Methods for maintaining or developing strength during the competitive period of sports are a growing interest with strength and conditioning professionals. Resistance training, in any form, offers the potential to preserve performance and reduce injury. The challenge with in-season strength and conditioning is knowing the ideal load and program to support each athlete.
In this Academy Guide, we cover the sound principles of in-season strength and conditioning, including information on recovery and return-to-play strategies. As seasons extend longer and longer because of playoffs and intentional play, coaches need to know the best ways to use their opportunities with athletes. This article covers monitoring, injury prevention, detraining, priming, and sport psychology. If you are in sports medicine or strength and conditioning, the information shared can act as an outline for what to include with your in-season strength program.
Assessing Strength and Power
Estimating maximal strength and power requires testing or training at near capacity. Athletes who are exposed to maximal strength training are more likely to have both the skills and physiological abilities to tolerate intensity, a primary driver for in-season strength training. Testing early and often encourages off-season dedication and effort during the regular in-season time period. Without question, assessing strength and power with one repetition maximum testing and jump assessments is a best practice. Additional tests, such as isometric strength and speed testing, that are commonly employed to see a cause and effect to strength development are optional, but direct measures of strength and power are essential.
Near maximal efforts are especially effective for team sport, yet they may not be tolerated by athletes if they are unfamiliar with heavy loads or even strength training. Therefore, it may be wise to use estimates of maximal strength or tests that have less skill required, such as the isometric mid-thigh pull or isometric squat test. Jump testing is an acceptable way to assess leg power, but due to the lack of training effect, tests are more limited when time is a premium. The main benefit of testing is that it improves the training program prescription to maintain or even develop additional capabilities to produce force. Outside of maximal testing, specific tests such as evaluating the Nordic hamstring exercise and groin strength with squeeze tests are popular as well. A combination of testing and familiarity with the exercise increases the chances that an athlete can succeed in sustaining the qualities of strength and power through a long competitive season. Advanced testing allows coaches to track a team or athlete’s testing during a full season.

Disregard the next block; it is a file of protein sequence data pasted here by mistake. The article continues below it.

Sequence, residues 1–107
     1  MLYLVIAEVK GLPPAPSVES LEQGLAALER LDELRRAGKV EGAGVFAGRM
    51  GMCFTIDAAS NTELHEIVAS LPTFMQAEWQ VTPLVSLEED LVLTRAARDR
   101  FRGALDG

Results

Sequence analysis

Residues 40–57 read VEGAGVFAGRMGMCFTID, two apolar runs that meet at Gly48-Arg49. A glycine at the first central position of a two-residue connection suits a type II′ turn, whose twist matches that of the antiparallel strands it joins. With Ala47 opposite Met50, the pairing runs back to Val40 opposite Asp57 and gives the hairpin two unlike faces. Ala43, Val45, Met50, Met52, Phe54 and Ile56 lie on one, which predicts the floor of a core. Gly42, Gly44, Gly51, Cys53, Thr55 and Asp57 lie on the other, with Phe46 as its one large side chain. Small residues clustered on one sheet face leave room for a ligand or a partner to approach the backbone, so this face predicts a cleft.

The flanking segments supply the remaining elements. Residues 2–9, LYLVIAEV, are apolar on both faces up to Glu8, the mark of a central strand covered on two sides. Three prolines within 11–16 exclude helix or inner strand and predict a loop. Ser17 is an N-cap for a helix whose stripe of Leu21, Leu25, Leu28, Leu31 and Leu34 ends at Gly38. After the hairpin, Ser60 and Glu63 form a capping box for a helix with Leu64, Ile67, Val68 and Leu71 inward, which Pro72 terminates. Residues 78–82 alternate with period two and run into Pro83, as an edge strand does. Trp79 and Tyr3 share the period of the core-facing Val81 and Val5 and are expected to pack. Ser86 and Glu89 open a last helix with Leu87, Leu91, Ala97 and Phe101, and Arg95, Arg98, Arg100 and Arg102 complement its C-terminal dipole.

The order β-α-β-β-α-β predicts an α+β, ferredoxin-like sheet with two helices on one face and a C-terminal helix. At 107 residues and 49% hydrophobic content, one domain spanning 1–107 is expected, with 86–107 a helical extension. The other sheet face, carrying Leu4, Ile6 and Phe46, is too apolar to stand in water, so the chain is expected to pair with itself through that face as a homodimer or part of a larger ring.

Managing Specialized Load and Recovery
After strength and power are assessed, it is necessary to manage what is available. Coaches must know how to manage the specific stressors of resistance training, as an athlete may come in tired from practice or competition but still be able to provide adequate effort to maintain strength. Overall, athletes will need to be carefully managed throughout the season to reduce overtraining and training monotony. Strength training, if performed consistently throughout the season, is one of the most effective ways to reduce injury but can become a cause of fatigue if not properly programmed. The use of velocity-based training and other barbell tracking technologies is promising, but only if coaches are able to see clear signs of overtraining outside of the bar speed. Most of the benefit of tracking the bar is volume from the output, not direct measures of velocity at this point in time.